Similarly with START, some have incorrectly put the emphasis upon reductions per se. But the President’s position is that the reductions must be stabilizing reductions. We have already gone some distance toward assuring that this will be the result of a START treaty. The 50-percent reductions in warheads on Soviet heavy missiles and the 50-percent reduction in Soviet throw-weight move strongly in that direction; we have no heavy missiles and the Soviet level of throw-weight is today more than double ours.
As a result, those reductions would go far toward reducing the Soviets’ advantage in the aggregate power of their ballistic missiles. But some of the most difficult negotiations are still before us. We need to work out further provisions—particularly, effective verification provisions—to assure that we will achieve enhanced stability. We must also actually deploy those improvements to our forces that will provide the required stability, and this may well take greater budgetary authority for strategic systems than is now authorized by Congress.
National security cannot be obtained on the cheap. Mr. Glynn is correct in emphasizing that stabilizing arms-control measures are not a means to save money; to make them work to our advantage will require continued improvement and modernization of our remaining strategic forces.
Some estimate that 20 percent or more of the Soviet Gross National Product is devoted to the military. United States budgeted defense expenditures for 1988 amount to 5.7 percent of our GNP as opposed to 7 to 9 percent during the Eisenhower administration. It is not a relative increase in U.S. defense expenditures that created the U.S. budget deficit.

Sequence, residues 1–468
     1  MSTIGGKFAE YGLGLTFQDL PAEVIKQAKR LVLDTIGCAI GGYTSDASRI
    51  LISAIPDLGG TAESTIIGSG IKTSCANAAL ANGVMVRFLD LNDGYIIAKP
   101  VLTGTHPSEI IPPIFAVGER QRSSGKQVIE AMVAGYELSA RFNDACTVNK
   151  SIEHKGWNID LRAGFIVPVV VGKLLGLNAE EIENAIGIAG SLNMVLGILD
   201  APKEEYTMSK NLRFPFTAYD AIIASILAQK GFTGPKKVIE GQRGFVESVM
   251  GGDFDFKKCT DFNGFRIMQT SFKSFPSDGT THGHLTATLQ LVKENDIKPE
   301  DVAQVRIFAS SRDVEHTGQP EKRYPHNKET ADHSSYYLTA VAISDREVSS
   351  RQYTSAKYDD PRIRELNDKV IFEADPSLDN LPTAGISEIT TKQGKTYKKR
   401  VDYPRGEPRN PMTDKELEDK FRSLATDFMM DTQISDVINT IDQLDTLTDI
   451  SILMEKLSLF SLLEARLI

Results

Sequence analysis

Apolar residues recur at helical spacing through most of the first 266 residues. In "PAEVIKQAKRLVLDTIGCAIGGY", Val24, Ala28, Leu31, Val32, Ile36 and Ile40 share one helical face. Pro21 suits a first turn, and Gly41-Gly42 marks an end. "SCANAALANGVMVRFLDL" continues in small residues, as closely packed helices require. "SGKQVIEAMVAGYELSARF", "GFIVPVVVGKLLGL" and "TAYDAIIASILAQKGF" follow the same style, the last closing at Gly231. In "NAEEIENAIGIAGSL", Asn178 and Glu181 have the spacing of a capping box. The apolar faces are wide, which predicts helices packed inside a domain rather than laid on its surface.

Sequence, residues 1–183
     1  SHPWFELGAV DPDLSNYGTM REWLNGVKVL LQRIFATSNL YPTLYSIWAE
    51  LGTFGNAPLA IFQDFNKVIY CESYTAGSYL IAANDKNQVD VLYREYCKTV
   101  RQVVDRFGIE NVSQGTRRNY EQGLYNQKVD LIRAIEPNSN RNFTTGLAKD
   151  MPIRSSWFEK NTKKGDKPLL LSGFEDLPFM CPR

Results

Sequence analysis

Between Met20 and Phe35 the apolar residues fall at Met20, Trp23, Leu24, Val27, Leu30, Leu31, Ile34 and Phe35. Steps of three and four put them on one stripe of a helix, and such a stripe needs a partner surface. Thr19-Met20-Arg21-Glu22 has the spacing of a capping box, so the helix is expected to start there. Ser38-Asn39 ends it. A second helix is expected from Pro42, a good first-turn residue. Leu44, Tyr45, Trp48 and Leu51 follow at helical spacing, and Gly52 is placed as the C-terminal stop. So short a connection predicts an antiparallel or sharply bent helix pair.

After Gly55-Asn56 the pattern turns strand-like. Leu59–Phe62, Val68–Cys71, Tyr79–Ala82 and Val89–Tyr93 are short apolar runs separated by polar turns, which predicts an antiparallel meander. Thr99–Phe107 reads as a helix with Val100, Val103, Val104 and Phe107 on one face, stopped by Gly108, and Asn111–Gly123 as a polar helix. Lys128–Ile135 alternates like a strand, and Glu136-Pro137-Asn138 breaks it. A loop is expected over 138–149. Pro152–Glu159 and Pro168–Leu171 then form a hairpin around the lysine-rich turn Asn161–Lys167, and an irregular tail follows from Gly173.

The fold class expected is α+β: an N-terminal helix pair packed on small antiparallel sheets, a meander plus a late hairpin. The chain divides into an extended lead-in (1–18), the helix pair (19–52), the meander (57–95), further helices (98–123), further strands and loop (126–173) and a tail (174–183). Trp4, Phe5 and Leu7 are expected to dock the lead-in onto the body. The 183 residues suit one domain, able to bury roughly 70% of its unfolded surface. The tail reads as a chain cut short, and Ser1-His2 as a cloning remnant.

Nor is it arms control that brought about the inadequate U.S. appropriations for defense purposes. Mr. Glynn suggests that the ABM treaty caused the demise of our ABM program. That is the reverse of the facts. Congress was about to cancel our ABM program before the ABM treaty negotiations began. We were able to assure continuance of the ABM program in 1969 only because some of the Senators saw that without an ABM program of our own, we would never be able to negotiate limitations of the Soviet ABM program which had gotten under way well before ours.
Similarly, we would never have been able to deploy our INF missiles in Europe unless the decision to do so had been coupled with the concurrent decision to enter into the INF arms-control negotiations with the Soviets. And we would never have been able to succeed in obtaining the elimination of the Soviet SS-20s unless we had earlier done both those things.
In the West, arms control has long been a necessary component of our national-security policy and of the West generally. Our security policy will not be successful if we fight that fact as Mr. Glynn would have us do. We must keep the U.S. objectives in arms control clearly before us. They are not reductions for reductions’ sake or agreement for agreement’s sake; they are to achieve stabilizing limitations and reductions which will enable us to reduce the risk of war.
In Section III of his article, Mr. Glynn says that a START agreement fails to deliver what it purportedly promises to deliver—namely, an increase in “crisis stability.” He quotes General Brent Scowcroft, James Woolsey, and John Deutsch as saying that the “fast-moving strategic-arms negotiations” are leading to results that could “decrease stability and damage our allies’ confidence in our deterrent.”